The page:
I’ve reviewed a couple of the Monogatari series now, and I’m a big fan of the way the series manages to mix philosophy, wordplay, and extreme fan service together in a way that is refreshingly unique for anime, and quite striking. It’s not just the visual style of the anime that is so impressive (though the avant garde aesthetic style is certainly impressive), but it’s the way this franchise has been able to get me thinking unlike any other that I have appreciated so much across multiple series.
Each series of Monogatari seems to take on a different concept or school of thought, and then develop it into a weird mystical fantasy that exists more to provide metaphor than to offer the opportunity for action or drama. With Onimonogatari that trend continues, and I’m glad the season is only four episodes long, because the theme of this one makes my head hurt when I start thinking about it (in a good way). Onimonogatari tackles existentialism, and existentialism is, at least the way my brain is wired, the most difficult school of philosophical thought to wrap my head around.
As such I found myself all kinds of confused by the conclusion of this narrative arc, but I’m sure as I reflect on it further I will start to puzzle it through, and that has always been the greatest strength of the franchse – it makes me think well after I’ve turned the Blu-Ray player off. The basic narrative is straightforward enough – the series’ main man, Araragi, finds himself and ghostly schoolgirl, Mayoi, being chased by an unknowable, indefinite void. Neither know what this void is, but both feel terror simply by being in its presence. They escape thanks to the help of a third character, the myseterious Yotsugi, and then a fourth, the vampiric Shinoubu shows up. They then sit around and try and figure out what this void is, and while I’m not going to give spoilers away, the conclusion they come to is a little depressing… or it isn’t, depending on how it sits in with your understanding of existential thinking.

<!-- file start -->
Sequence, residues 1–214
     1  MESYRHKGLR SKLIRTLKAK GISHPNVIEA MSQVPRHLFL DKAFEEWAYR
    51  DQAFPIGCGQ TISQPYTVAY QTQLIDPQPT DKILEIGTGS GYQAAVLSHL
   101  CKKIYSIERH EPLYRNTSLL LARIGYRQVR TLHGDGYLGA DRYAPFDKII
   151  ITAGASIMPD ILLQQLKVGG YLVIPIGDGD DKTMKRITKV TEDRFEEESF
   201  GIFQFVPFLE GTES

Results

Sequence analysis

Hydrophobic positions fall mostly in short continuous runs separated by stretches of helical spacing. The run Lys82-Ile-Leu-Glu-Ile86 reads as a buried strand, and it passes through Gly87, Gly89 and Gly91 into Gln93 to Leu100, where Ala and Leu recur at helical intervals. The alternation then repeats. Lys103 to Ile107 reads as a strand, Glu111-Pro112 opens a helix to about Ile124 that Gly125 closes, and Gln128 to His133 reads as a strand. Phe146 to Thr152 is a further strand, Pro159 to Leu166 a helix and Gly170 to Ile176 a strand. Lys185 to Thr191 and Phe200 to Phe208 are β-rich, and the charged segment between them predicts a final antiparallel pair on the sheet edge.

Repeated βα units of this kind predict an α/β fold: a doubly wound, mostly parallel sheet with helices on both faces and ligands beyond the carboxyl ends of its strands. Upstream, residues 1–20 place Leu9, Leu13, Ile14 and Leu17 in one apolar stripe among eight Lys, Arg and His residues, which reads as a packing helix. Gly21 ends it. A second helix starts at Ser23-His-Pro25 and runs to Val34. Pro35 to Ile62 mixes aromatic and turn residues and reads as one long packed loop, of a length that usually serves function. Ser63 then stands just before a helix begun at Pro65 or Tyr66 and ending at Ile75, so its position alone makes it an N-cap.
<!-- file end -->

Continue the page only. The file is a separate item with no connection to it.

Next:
There’s also an extended side narrative that further fleshes out Shinoubu’s history and character and helps to contextualise the existentialist discussions going on within it. As you can probably guess given that the characters in this series include an effectively immortal vampire and a spirit, the existential thought puzzles around the meaning of existence go into some crazy places, and coupled with the franchises’ traditional scattershot dialogue and hyper-speed ‘camera’ cuts and visual density, Onimonogatari is an incredibly difficult narrative to understand, even though very little actually happens within it. If you are looking to properly understand what is going on, I hope you’re read up on your Sartre and Kierkegaard.
Beyond the philosophy, the other most renowned side of the Monogatari franchise has always been its… unique… approach to sex themes. It is, of course, passed off as “fanservice” in the eyes of most critics without the slightest hint of understanding why the content might be in there, but the reality is that it’s a rare moment when a Monogatari episode isn’t making a statement with its sexy moments. Yes, even the tooth brushing scene. But Onimonogatari scales all of that right back. Some racy humour and a couple of kisses aside, it’s almost innocent, and while what there is is often uncomfortable, given that the girls that are the centre of this arc are the youngest of all (in terms of apperence, anyway), I would happily argue that this is the least explicit of the Monogatari series to date.
As with all anime produced by Shaft, Onimonogatari is a feast for the eyes, with each of the artists that work for the company having a clear eye for the abstract and surreal. There is a permanent haze to the art style that lends the Onimonogatari a dreamlike quality, a befitting visual theme for the dreamlike quality to the thinking behind the series, and buried within that is also a nostalgia for Japan – the various environments and settings on display positively glimmer with a respect for the unique aesthetics of the country.
We’re at the point now where you’ve got not chance of understanding what is going on unless you’ve seen at least some of the previous Monogatari story arcs, but Onimonogatari is a good one if you have. It’s short and intense, with all the traditional intelligence and philosophical depth that the the franchise is well known for.
– Matt S.
Find me on Twitter: @digitallydownld
This Blu-Ray can be purchased from Hanabee Entertainment in Australia